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Jacques Rivette, Master of the French New Wave, Dies at 87

Jacques Rivette, Master of the French New Wave, Dies at 87

Jacques Rivette, the Cahiers du Cinema critic and director of “The Nun” (1966), “L’amour fou” (1969), “Celine and Julie Go Boating” (1974), Cannes Grand Prix winner “La belle noiseuse” (1991), and other classics of the French cinema — more than 20 features in all — died Friday morning at home in Paris. He had Alzheimer’s disease, the New York Times reported his producer Martine Marignac as saying, while the French culture minister, on Twitter, called today one of “profound sadness.” He was 87.  

Along with Cahiers colleagues Truffaut, Jean-Luc Godard, Claude Chabrol, and Eric Rohmer, Rivette reinvented both film and film criticism in the 1950s, 1960s, and beyond. Truffaut may have been correct that the French New Wave began “thanks to Rivette” — his 1961 film “Paris Belongs to Us,” inspired by Italian neorealist Roberto Rossellini, was shot in 1958, after Chabrol’s “Le Beau Serge” but before Truffaut’s “The 400 Blows” or Godard’s “Breathless”  — yet Rivette has remained the least studied of the New Wave filmmakers, at least in the United States.

From the 13-hour “Out 1,” the 1971 “magnum opus” that reappeared on American shores last year, to his penultimate film, the sumptuous “The Duchess of Langeais” (2007), Rivette nonetheless forged a career of remarkable longevity, consistency, and artistic independence, examining the pervasive, inexplicable recesses of both the human experience and its reflections in the cinema. With a heightened sense of stagecraft and theatricality, Rivette treated a vast range of subjects — he adapted Diderot (“The Nun”) and Brontë (“Wuthering Heights,” 1985), made mysteries (“Le Pont du Nord,” 1981) and comedies (“Va Savoir,” 2001) — but his commitment to seeing the world through the art form’s eyes never wavered.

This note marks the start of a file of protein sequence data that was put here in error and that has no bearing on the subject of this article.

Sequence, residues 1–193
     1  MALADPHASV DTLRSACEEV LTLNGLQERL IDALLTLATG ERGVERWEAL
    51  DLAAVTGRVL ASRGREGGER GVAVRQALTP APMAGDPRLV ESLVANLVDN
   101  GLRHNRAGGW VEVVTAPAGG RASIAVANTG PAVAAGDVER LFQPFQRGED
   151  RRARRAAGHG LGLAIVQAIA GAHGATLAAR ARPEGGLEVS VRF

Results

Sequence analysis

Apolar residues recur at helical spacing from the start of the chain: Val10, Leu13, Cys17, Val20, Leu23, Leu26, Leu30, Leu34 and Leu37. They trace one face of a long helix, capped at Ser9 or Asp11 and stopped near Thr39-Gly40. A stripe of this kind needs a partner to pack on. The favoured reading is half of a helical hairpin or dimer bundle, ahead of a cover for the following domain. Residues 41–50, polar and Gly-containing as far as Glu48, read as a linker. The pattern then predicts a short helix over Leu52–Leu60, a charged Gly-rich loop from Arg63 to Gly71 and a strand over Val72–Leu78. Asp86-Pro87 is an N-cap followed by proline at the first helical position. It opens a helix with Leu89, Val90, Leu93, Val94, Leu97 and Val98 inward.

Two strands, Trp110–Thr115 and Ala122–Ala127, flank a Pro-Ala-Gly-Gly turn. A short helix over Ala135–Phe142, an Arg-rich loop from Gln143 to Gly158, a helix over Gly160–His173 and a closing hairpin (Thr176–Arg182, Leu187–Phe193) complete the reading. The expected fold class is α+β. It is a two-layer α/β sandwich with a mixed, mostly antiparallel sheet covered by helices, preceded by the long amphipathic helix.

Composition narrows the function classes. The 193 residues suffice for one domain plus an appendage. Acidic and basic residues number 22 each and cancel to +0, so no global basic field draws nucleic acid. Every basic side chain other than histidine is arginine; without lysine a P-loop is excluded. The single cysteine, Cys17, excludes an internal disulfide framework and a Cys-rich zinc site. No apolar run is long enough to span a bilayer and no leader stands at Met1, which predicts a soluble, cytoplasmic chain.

Rivette remembered his Cahiers days to French film critic Serge Daney in the interview below. Read Dave Kehr’s New York Times obit here.

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Right you MDL. Varda comes from a very different tradition, not from the Cinematheque-Cahiers scene that produced the New Wave, although she certainly provided a model for them.


It’s nice that he lived long enough to see Out 1 rescued from obscurity.

Craig Keller

Varda didn’t make the first New Wave film in LA POINTE-COURTE. Rohmer and Rivette did in PRÉSENTATION and AUX QUATRE COINS. Of course she is one of the last standing and is just as important. So are Moullet and Rozier.


My favorite Rivette film is La Belle Noiseuse. Worth seeking out. Long, yes, but rewarding. I watched it when it came out in 1991 and a few thousand films later it is still a film I remember well.

Agnes is considered more of a Left Bank filmmaker along with Chris Marker, Alain Resnais, Marguerite Duras, Alain Robbe-Grillet. But certainly of that same era.


Cleo from 5 to 7 begs to differ.


Agnes is impossible to forget, but she was not a member of the New Wave. In fact, she came before it.


At first I thought Jean Luc Godard was the last filmmaker standing from the French New Wave now that Rivette is gone, but then I remembered that Agnes Varda is very much alive and as influential as her male peers who are mentioned in this article. Don’t forget Agnes!

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